Taking longer breaks in between puffs definitely helps bring out some other flavors. The Fightn’ 69th actually becomes even earthier, but now there’s a lot of other flavors. On the mouth, the jerky notes return alongside a very restrained black peppercorn and something I can only say tastes similar to how gasoline smells.2 Through the nose there’s Plugra and some burnt orange peels along with the earth. I pick up some raw pasta, cranberries and a bit of walnuts on the finish up until the hallway mark. The flavor and body are now full, while strength is still medium. Smoke production takes a big uptick and is now at levels I associate more often with Drew Estate.
The fire-cured aroma picks up a lot in the final third, something that wasn’t so apparent for most of the previous two thirds. While there’s less sweetness than the second third because the earth recedes so much in the final third, the flavor seems sweeter. The meatiness from the first third returns replacing the jerky alongside the peppercorn. Through the nose there’s some sweet vanilla and water chestnuts which extend to the finish. With an inch or so left, the fire-cured flavors become much more apparent thanks to the wrapper change and the aroma transitions into wood-grilled hamburgers.
- Kentucky Fire Cured is not the only Drew Estate product using tobacco from Kentucky. The company’s Pappy Van Winkle Barrel Fermented Cigars also use it.
- For those wondering, I’ve found the Pappy Van Winkle Fermented Cigars to be very mild and much prefer most of the Kentucky Fire Cured line.
- Alliance Cigar is no stranger to exclusives from Drew Estate. The company also has two exclusives in the regular MUWAT line: Kemosabe and W.O.P.R.
- The aroma of a Kentucky Fire Cured cigar smells very much like a mixture of a campfire and sweet barbecue sauce. It’s also much more aggressive in terms of how it stays in my clothes.
- There’s a shift with the wrapper change in the Kentucky Fire Cured cigars, but it’s not as easy to detect as other cigars like, José Blanco’s blending seminar cigars. The reason for this is two-fold in my opinion. First, those blending seminar cigars are made specifically to allow you to notice the change and the fillers aren’t particularly flavorful. Second, the change occurs so late in the cigar, your palate has already been exercised pretty heavily.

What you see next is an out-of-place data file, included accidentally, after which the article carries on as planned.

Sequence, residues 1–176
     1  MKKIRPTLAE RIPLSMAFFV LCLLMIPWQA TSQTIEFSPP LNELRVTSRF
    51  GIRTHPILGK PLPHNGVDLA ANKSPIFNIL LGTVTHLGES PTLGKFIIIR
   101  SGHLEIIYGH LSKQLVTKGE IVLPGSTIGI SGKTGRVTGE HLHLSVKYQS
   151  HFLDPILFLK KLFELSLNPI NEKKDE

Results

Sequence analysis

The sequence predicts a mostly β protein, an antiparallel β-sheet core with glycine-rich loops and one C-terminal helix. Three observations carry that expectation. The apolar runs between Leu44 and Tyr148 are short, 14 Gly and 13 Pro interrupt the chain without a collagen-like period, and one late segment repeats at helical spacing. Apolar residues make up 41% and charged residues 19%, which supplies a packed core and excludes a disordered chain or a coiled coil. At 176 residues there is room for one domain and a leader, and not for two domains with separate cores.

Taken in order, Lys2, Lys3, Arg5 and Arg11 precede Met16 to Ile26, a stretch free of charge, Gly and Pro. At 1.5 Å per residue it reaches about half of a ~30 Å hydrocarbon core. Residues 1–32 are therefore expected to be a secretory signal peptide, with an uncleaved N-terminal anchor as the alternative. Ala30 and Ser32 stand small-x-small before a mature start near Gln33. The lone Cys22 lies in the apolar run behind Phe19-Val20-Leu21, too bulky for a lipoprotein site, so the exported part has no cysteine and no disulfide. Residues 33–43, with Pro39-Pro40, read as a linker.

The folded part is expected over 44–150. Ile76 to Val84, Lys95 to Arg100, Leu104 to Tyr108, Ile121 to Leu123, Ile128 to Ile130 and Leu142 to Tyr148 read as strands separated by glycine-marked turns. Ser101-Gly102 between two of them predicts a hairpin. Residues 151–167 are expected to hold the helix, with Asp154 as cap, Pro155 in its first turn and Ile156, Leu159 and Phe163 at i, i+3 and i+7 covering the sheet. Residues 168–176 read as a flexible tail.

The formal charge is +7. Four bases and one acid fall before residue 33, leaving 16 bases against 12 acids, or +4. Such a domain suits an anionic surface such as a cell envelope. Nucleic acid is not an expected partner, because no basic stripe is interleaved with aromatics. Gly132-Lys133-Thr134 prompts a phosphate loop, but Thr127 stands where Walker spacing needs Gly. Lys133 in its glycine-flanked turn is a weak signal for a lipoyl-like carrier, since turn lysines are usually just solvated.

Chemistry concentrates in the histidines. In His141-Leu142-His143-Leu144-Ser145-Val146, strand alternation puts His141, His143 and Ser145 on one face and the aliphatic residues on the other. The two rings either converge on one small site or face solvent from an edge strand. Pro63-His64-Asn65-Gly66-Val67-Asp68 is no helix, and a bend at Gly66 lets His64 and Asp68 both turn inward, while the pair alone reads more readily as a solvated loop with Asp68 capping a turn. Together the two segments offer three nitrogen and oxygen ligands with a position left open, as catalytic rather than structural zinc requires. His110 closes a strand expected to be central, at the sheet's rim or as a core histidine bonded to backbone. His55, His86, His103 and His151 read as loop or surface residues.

- For some, they may never make it to the change as the wrapper split is around the band. I remember a Stogie Review video from sometime back when Jerry Cruz stated that he rarely smokes beyond the band as he oftentimes finds the flavors don’t improve. Of course, that was back before the days of the massive Camacho and La Sirena bands.
- As for this particular change, I’ve always found the earthiness dissipates quite a bit when the second wrapper starts burning.
- When the line first launched, Jonathan Drew recommended keeping the Kentucky Fire Cured cigars in a separate humidor, a sentiment I’d recommend as well.
- Interestingly, I’ve never been in a retail shop where that advice has been followed. I can’t even recall an instance of where the retailer has put them in the flavored cigar section.
- That being said, most of the Kentucky Fire Cured I’ve handled have been fairly fine, so long as you don’t take them out of cellophane or even take them out and put them back. The aforementioned Pappy cigars have always had a much stronger aroma to me.
- Final smoking time was one hour and 50 minutes on average with the cigar noticeably slowing up over the last two inches.
- Cigars for this review were sent to halfwheel by Alliance Cigar.
- Alliance Cigar sells the cigars online through its Superior Cigars storefront.
While one sample underperformed a bit, the MUWAT Kentucky Fire Cured Fightn’ 69th was a fairly complex cigar. Every single indication I got, from how the bundle didn’t admit excessive amounts of aroma to how my hands smelled while handling the cigar leads me to believe this is a bit of a toned-back version of the Kentucky Fired Cured blend when it comes to its signature tobacco(s). Don’t get me wrong, the fire-cured tobacco is still very much prevalent the moment you take the cigar out of cellophane and was noticeable while smoking, but it wasn’t as strong. The ratio of fire-cured tobacco depends on the size and while I haven’t smoked every vitola, it seemed to be slightly less of a factor than the rest of the line. I’m not generally into cigars that are very earth-forward, but this was an excellent example of marrying the fire-cured tobacco with more traditional cigar counterparts. If you haven’t found the Kentucky Fire Cured line to be enjoyable before and are willing to give it another shot, I’d highly recommend the Fightn’ 69th.